In 2003 Dr. Myrka Gonzalez Esq. and her husband, David Ochoa created and endowed scholarships for Latino students at Dowling College and at Hofstra University School of Law. Over 25 students have benefitted from those scholarships. Myrka Gonzalez, who is Cuban, migrated to the United States of America with her family in 1962 with a change of clothes and a rag doll that didn’t last 3 months. David Ochoa was born in California of a migrant Mexican father and 1st generation Mexican American mother. While Myrka Gonzalez’s parents were both college educated Myrka was the first in her family to attend college in the United States and the first to attend, not one but two, graduate schools where she obtained first her Doctorate in Jurisprudence from Hofstra University School of Law and then her Doctorate in Education from Dowling College. In 2010 she received an honorary Doctorate in Civil Law from Dowling College. David Ochoa was the first in his family to attend college. He attended Whitter College and then obtained a Doctorate in Jurisprudence from UCLA.
Dr. Myrka A. Gonzalez Esq. has practiced law for 30 years. She has, in addition, been an educator for the last 15. She has taught at Imperial Valley College in California and Suffolk County Community College in NY. Currently she is a freelance writer. She has lectured at Bordeaux France before the World Association for Case Method research & Case Method Application (WACRA); in Hilton Head, South Carolina for the annual conference of the Eastern Education Research Association (EERA), and at the 30th Annual Conference of School Administrators Association of New York State. LI Educational Review, Newsday, Hispanic Outlook in Higher Education, Latin Trends, Noticia and Latin Long Island Magazine have published Dr. Gonzalez. She has received numerous awards in Nassau and Suffolk County including in 2003 when she received the Juliet Low Award from the Nassau County Girl Scouts.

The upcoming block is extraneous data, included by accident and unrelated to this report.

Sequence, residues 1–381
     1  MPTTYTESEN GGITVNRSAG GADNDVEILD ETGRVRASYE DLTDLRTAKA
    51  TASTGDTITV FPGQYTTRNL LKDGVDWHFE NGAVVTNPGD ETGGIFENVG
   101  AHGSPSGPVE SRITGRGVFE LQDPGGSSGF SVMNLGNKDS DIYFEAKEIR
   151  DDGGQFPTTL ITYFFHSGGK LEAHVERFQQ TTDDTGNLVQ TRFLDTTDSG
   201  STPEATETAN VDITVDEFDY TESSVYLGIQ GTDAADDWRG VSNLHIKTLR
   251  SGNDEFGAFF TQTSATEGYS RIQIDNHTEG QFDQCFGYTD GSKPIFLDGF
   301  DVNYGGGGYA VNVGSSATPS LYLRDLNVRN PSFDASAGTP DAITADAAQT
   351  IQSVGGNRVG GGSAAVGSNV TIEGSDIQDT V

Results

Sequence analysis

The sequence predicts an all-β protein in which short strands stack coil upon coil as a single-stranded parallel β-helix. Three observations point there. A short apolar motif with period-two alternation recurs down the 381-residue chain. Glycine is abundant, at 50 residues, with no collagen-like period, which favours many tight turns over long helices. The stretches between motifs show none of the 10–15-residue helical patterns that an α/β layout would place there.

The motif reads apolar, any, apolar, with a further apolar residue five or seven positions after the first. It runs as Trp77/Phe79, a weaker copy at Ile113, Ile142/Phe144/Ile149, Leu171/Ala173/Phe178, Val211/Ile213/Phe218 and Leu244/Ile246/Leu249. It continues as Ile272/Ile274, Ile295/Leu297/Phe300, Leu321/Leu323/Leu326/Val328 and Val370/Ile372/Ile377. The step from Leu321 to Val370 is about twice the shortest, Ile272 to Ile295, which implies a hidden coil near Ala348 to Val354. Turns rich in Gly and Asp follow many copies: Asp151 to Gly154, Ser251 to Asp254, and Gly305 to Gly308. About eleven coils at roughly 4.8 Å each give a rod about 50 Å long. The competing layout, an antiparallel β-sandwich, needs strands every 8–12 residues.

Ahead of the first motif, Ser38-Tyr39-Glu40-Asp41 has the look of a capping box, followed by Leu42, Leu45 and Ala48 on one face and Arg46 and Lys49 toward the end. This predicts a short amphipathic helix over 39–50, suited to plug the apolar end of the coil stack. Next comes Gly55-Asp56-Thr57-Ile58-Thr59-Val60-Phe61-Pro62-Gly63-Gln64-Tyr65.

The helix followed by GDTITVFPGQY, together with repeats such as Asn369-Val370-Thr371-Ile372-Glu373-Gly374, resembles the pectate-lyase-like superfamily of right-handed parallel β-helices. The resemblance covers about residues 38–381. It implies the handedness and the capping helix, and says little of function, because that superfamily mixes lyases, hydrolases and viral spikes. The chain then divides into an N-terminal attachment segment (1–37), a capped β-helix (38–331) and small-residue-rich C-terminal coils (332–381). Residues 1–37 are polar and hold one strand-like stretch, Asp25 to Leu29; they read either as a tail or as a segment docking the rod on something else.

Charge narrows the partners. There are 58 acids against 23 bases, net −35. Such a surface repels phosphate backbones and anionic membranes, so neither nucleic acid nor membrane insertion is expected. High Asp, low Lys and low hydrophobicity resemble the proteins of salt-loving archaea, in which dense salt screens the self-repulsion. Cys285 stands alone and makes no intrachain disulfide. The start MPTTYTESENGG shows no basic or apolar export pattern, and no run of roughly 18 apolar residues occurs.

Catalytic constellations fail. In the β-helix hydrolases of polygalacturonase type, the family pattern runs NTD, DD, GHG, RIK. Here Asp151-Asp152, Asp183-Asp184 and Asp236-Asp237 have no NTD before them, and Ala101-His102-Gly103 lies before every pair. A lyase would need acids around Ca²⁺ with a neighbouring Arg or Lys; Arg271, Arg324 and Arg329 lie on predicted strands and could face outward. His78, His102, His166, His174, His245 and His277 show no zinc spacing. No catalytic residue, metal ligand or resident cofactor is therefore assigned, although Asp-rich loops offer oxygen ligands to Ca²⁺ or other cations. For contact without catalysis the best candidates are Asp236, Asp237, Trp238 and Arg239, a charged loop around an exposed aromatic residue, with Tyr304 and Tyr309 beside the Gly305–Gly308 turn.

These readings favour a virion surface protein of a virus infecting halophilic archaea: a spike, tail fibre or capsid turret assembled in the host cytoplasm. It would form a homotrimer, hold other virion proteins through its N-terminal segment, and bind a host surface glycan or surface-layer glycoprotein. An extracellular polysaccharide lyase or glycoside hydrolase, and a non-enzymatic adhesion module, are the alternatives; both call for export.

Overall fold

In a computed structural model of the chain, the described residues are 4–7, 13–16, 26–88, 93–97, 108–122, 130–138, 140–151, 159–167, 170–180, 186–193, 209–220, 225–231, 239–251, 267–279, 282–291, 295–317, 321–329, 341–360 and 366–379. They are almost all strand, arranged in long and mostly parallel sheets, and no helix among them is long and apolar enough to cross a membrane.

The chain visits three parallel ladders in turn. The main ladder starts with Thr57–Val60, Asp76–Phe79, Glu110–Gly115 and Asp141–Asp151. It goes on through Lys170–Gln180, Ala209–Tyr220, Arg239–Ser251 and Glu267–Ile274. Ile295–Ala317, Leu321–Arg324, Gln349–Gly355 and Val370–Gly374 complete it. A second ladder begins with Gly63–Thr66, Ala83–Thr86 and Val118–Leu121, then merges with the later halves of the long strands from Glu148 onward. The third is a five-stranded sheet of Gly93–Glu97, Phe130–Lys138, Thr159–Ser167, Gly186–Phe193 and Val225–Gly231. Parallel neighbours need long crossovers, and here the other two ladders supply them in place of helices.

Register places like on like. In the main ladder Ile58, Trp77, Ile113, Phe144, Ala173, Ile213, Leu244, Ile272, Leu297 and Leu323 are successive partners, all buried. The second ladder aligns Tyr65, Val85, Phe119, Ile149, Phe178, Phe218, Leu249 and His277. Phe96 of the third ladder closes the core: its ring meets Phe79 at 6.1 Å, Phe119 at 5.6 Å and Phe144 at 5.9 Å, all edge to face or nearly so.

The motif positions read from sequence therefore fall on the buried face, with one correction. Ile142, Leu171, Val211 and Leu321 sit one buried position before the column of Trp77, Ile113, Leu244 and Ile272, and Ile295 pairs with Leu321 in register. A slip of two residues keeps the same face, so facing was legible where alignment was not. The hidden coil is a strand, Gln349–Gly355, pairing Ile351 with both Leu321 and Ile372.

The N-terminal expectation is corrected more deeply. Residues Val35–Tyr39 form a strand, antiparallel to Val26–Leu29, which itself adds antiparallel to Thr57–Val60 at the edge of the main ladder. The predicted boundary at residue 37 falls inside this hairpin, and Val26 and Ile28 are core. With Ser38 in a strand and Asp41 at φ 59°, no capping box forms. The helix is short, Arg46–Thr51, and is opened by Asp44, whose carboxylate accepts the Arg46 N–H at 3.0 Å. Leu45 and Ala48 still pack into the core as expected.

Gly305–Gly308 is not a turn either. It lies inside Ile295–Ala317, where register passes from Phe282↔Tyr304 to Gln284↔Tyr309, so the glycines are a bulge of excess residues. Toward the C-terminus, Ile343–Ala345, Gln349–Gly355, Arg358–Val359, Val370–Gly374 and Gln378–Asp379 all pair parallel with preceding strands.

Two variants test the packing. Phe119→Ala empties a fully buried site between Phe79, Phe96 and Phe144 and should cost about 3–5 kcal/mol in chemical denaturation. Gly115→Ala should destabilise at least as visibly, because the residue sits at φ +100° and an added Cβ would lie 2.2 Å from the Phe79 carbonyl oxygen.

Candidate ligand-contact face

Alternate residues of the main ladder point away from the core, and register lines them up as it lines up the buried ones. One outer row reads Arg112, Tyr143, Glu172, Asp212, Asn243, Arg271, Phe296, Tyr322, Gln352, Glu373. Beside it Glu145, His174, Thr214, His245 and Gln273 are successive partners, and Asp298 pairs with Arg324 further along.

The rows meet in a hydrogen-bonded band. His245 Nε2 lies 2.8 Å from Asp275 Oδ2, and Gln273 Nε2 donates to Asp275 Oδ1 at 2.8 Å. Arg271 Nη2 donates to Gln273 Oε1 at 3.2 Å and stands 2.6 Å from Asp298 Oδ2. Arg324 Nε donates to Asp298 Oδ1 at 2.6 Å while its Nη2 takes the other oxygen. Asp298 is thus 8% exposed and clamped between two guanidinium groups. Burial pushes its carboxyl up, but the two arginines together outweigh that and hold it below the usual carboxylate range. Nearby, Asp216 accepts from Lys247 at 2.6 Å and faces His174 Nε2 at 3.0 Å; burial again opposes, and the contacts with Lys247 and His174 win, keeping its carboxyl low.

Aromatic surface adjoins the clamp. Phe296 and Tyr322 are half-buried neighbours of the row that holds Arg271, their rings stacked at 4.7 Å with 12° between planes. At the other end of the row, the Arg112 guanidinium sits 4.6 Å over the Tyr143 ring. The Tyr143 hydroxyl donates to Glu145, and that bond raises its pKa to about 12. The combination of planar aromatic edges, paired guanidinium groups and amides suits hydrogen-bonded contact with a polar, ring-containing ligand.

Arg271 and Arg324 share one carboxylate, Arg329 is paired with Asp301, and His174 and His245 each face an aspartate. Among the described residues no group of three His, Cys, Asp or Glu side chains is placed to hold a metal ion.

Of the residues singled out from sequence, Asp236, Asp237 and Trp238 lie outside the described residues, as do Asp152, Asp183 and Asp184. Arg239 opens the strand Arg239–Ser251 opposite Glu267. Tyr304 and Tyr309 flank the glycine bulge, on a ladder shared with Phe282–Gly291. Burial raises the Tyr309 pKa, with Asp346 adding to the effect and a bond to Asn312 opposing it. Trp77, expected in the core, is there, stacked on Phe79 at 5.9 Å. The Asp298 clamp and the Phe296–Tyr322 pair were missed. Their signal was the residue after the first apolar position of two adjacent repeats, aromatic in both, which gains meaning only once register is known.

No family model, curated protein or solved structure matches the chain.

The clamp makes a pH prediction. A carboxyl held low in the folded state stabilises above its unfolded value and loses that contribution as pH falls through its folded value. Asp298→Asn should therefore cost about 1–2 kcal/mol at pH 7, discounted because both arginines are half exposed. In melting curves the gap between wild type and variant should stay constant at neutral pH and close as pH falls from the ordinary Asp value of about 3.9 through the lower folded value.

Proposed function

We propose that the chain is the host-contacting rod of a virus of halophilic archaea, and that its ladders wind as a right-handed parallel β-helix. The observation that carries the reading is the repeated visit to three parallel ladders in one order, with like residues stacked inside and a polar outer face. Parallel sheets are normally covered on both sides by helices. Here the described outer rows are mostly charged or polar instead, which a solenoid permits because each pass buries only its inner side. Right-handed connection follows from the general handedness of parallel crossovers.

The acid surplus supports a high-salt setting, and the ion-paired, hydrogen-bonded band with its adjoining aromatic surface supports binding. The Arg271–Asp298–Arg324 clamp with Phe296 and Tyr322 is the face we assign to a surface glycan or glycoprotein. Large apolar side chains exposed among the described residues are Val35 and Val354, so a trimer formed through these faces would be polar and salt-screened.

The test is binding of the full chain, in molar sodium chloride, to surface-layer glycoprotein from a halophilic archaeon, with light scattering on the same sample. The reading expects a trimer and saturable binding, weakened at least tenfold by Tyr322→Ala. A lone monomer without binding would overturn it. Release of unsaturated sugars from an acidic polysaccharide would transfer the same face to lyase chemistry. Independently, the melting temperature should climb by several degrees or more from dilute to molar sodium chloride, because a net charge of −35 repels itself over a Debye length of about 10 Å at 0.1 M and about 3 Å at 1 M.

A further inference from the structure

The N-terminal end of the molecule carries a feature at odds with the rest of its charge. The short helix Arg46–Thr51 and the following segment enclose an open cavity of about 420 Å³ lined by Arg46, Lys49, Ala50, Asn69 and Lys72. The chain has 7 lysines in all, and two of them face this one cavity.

Presently she is on the Executive Board of Trustees for Dowling College and is Chair of the Academic Committee. Previously she was a board member of the Suffolk County Council of the Boy Scouts of America, Hispanic Brotherhood of Rockville Centre, the Long Island Hispanic Chamber of Commerce, the Long Island Arts Council and Nassau County Executive Hispanic American Advisory Board among others.
David Ochoa is currentlythe Managing Director of Development Initiative for Vaughn College. He is an entrepreneur, business leader, and educator. His diverse background includes senior executive leadership responsibilities in telecommunications, broadcast television, film and television production and higher education. Mr. Ochoa is co-founder and former CEO of Buena Vision Cable Company of Los Angeles, California, which was the nation’s second largest minority owned Telecommunications Company. The winner of two Emmy Awards, he previously served as Executive Producer for Programming at WNBC-TV, New York. He was also co-founder and Senior Executive of Bilingual Children’s Television.